One of the simplest and most popular add-ons to a Web site is anonline poll, allowing visitors to vote on hot-button issues. In thisarticle, find out how PHP can be used to build a powerful, good-lookingonline poll for your Web site, and also learn a little bit about its imageand cookie manipulation functions.
With the database taken care of, it's time to put together the Web pages that the user sees. The first of these is "start.php", which connects to the database to get the latest poll, and displays it with a list of possible responses.
// start.php - displays poll and responses
// connect to database and query
$connection = mysql_connect($hostname, $user, $pass) or die ("Unable to
$query = "SELECT id, question, response1, response2, response3 from $table
ORDER BY id DESC LIMIT 0,1";
$result = mysql_db_query($database, $query, $connection) or die ("Could not
execute query: $query. " . mysql_error());
// if questions are available, display vote form
if (mysql_num_rows($result) > 0)
list ($id, $question, $response1, $response2, $response3) =
<form method="post" action="vote.php">
<b><? echo $question; ?></b>
<input type="Radio" name="response" value="1"><? echo $response1; ?>
<input type="Radio" name="response" value="2"><? echo $response2; ?>
<input type="Radio" name="response" value="3"><? echo $response3; ?>
<input type="hidden" name="id" value="<? echo $id; ?>">
<!-- explanation coming up - keep reading -->
<font size=-2><a href="archive.php?id=<? echo $id; ?>">view
<font size=-2><a href="archive.php">view past polls</a></font>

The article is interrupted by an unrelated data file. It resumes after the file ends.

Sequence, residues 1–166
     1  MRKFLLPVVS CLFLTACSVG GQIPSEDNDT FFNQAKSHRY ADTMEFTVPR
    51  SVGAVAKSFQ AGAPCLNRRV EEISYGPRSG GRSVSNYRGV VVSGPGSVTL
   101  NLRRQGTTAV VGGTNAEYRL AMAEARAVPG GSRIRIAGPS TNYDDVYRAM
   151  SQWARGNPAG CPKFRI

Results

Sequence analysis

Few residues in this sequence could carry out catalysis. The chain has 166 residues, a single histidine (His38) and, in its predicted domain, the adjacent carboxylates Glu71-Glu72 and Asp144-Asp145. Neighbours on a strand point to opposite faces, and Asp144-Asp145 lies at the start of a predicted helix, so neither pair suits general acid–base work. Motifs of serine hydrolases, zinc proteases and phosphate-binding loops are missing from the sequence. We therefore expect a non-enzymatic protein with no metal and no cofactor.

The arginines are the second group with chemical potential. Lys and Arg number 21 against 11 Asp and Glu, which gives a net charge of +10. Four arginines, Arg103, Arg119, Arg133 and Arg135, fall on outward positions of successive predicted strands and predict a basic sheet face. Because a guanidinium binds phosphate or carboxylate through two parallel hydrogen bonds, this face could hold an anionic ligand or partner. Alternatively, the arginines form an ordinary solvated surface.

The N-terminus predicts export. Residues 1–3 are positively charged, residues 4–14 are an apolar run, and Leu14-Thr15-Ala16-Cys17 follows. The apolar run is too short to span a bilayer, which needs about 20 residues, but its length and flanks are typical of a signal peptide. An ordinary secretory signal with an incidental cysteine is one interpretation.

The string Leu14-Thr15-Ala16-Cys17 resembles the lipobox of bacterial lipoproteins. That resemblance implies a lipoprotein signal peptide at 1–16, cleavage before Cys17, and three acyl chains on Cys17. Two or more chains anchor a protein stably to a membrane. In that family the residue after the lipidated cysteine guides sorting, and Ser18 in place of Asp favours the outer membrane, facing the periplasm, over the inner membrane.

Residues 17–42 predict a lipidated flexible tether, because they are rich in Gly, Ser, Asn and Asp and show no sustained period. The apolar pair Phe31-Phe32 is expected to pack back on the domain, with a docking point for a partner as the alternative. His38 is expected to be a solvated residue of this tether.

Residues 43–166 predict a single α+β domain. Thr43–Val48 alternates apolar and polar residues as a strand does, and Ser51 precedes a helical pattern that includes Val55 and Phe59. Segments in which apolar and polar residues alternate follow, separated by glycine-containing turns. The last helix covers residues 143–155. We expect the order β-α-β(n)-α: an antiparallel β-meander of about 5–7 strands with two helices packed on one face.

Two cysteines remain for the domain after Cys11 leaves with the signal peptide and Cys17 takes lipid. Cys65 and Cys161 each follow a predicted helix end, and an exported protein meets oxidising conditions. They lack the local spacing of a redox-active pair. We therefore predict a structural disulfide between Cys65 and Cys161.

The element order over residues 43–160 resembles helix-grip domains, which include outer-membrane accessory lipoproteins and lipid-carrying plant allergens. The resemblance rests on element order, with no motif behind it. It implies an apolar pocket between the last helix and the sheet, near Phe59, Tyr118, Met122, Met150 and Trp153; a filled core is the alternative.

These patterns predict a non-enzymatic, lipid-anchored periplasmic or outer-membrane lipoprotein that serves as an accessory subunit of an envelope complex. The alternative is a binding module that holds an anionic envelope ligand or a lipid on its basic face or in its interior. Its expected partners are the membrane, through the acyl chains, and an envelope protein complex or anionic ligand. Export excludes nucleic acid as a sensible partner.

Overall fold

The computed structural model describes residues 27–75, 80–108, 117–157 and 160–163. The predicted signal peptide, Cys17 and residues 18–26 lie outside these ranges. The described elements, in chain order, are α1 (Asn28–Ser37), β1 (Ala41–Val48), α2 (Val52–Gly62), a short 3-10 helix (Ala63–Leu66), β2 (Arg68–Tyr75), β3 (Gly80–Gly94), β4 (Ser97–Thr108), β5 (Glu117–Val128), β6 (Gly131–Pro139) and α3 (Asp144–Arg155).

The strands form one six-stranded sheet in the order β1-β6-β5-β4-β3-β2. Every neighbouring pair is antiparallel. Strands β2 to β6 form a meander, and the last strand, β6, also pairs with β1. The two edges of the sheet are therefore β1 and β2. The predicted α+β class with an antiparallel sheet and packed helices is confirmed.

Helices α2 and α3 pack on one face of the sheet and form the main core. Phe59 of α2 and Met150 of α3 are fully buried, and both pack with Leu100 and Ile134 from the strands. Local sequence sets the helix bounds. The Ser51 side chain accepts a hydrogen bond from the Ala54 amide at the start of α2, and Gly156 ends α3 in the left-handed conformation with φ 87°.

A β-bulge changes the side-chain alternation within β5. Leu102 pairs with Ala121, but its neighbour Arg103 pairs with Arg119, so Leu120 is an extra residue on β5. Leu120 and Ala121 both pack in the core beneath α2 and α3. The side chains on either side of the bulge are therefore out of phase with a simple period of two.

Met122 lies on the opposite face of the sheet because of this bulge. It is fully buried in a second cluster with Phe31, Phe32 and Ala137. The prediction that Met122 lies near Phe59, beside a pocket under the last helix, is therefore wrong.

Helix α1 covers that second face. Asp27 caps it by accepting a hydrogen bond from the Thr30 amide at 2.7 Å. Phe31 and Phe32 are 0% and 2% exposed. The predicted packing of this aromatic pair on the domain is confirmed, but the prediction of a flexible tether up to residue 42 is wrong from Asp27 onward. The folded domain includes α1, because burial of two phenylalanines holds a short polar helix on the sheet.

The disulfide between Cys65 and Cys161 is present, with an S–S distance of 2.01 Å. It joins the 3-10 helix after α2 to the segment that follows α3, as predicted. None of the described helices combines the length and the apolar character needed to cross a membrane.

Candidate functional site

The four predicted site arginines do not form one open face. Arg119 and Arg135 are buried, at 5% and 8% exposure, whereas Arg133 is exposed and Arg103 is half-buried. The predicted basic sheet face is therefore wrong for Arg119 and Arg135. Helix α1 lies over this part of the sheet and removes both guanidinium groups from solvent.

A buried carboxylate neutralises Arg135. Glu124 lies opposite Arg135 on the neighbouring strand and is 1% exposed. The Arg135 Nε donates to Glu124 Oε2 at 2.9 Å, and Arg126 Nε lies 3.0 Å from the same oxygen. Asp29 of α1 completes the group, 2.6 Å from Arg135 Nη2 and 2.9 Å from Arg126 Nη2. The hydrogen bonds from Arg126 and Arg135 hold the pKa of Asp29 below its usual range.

<input type=submit name=submit value="Vote">
// or display a status message
<i>No polls available!</i>
// close connection
Pay special attention to the SQL query I'm running - I'm
using the ORDER BY, DESC and LIMIT keywords to ensure that I get the latest record (read: question) from the database. Once the query returns a result, the list() function is used to walk through the result set and assign each field to a variable; these are then displayed in a form. The identifier for the poll question is also included in the form, as a hidden field; when the form is submitted, this identifier will be used to ensure that the correct record is updated.
If the database is empty, an error message is displayed. In this case, I've already inserted one question into the database, so you won't see it at all; however, it's good programming practice to ensure that all eventualities are accounted for, even the ones that don't occur that often.
In case you're wondering about the files include()d at the top of the script - they simply contain variables and functions common to the application. Here's what "config.php" looks like:
// config.php - global variables for all database operations
Here's what it looks like:
This article copyright Melonfire 2001. All rights reserved.